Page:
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Year : 2022  |  Volume : 9  |  Issue : 2  |  Page : 141-146

Guided imagery intervention for the treatment of tension-type headache associated with state-trait anxiety

Department of Psychology, Tika Ram Girls' Degree, College, Raja Mahendra Pratap Singh State University Aligarh, Uttar Pradesh, India

Correspondence Address:
Dr. Kehksha
Shabnam Villa, Dew Point, Amirnisha Market, Aligarh - 202 002, Uttar Pradesh
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Source of Support: None, Conflict of Interest: None

DOI: 10.4103/amit.amit_80_21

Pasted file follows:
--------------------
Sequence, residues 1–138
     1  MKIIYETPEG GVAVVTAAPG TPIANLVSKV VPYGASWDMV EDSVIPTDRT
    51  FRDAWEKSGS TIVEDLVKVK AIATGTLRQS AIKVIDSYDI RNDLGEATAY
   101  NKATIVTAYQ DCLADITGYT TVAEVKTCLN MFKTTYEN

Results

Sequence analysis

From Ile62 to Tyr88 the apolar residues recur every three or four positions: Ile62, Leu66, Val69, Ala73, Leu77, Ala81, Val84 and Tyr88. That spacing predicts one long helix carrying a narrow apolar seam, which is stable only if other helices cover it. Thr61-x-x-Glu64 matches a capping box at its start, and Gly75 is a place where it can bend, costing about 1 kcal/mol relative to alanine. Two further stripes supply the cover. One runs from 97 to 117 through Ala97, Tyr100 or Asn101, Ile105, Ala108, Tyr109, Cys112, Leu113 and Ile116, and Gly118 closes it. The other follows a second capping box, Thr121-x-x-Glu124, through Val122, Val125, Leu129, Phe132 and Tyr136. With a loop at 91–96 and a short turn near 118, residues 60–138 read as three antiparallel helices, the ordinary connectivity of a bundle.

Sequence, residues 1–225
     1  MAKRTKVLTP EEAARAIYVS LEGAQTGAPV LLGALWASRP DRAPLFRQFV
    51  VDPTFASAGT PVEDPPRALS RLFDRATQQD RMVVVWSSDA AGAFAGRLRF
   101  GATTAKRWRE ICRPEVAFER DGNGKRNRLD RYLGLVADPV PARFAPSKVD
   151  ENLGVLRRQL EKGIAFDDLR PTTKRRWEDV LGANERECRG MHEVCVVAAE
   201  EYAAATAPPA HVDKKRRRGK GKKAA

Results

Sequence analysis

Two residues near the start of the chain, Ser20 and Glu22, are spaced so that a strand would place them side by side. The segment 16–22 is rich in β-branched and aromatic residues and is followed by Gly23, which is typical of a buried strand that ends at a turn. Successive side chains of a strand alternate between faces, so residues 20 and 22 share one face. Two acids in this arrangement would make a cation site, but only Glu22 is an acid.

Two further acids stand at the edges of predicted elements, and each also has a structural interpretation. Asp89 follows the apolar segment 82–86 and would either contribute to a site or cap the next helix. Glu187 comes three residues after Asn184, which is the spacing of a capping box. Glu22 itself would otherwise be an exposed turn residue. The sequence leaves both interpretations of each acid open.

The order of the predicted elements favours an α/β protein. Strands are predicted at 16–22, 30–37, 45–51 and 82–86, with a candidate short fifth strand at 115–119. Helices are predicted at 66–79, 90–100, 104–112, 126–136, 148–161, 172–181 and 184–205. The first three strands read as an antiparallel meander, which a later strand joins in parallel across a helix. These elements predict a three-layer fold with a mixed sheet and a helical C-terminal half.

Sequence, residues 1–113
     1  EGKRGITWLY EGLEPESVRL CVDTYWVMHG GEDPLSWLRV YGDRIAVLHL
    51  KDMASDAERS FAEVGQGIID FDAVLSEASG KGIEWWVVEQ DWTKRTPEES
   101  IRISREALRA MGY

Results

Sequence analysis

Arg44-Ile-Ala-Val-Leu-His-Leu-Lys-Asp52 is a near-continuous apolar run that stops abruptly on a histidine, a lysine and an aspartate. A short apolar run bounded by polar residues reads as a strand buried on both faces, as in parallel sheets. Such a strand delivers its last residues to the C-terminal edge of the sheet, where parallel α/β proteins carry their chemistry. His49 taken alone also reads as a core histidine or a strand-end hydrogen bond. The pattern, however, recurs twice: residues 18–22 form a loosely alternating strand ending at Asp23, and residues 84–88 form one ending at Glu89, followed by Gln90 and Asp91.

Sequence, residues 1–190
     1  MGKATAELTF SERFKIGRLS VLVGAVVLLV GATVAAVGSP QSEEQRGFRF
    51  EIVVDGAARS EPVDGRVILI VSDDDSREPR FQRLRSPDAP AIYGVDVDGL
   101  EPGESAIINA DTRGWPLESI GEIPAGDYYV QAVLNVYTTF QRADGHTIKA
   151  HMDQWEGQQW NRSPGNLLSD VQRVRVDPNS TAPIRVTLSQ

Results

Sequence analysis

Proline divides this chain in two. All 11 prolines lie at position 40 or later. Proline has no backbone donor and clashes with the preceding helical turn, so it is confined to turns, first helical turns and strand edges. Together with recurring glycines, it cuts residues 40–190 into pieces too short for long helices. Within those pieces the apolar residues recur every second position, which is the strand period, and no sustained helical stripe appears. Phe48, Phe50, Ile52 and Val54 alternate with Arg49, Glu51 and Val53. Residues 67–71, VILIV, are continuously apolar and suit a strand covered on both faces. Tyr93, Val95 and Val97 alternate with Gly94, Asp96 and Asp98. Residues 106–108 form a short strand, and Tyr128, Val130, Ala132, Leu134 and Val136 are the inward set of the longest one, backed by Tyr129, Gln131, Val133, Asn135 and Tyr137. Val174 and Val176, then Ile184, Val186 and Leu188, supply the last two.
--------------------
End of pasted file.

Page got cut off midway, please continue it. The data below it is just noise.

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Introduction: Guided imagery (GI) is a mind–body intervention, in which individuals generate mental images of pleasant objects or events in their minds. These mental images produce positivity and alter the perception of headaches and other pain disorders. A review of literature suggests that GI is an effective psychological treatment for tension-type headache (TTH) and state-trait anxiety. Hence, the present study aimed to assess the efficacy of GI on TTH associated with state-trait anxiety and to compare its efficacy with treatment as usual (TAU). Materials and Methods: Forty treatment-naïve patients diagnosed with TTH were selected from the psychiatry outpatient department through purposive sampling method. The Henry Ford Hospital Headache Disability Inventory and the State-Trait Anxiety Inventory for Adults were administered on all the patients for baseline data. Experimental group (n = 20) were given eight sessions of GI along with TAU for 2 months, whereas waitlist group (n = 20) were given only TAU. Results: A Significant positive association was obtained between emotional and functional disability of headache and state-trait anxiety at baseline. Postassessment findings demonstrated a significant reduction in severity and frequency of TTH, emotional and functional disability, and state-trait anxiety in the experimental group receiving GI as compared to the waitlist group. Conclusion: Patients living with TTH more commonly suffer from state-trait anxiety. Those patients who were given GI along with TAU for 2 months improved on severity and frequency of TTH, emotional and functional disability of TTH, and state-trait anxiety more effectively than those patients receiving only TAU. Consequently, it can be said that GI is an effective treatment for TTH and state-trait anxiety as compared to TAU.

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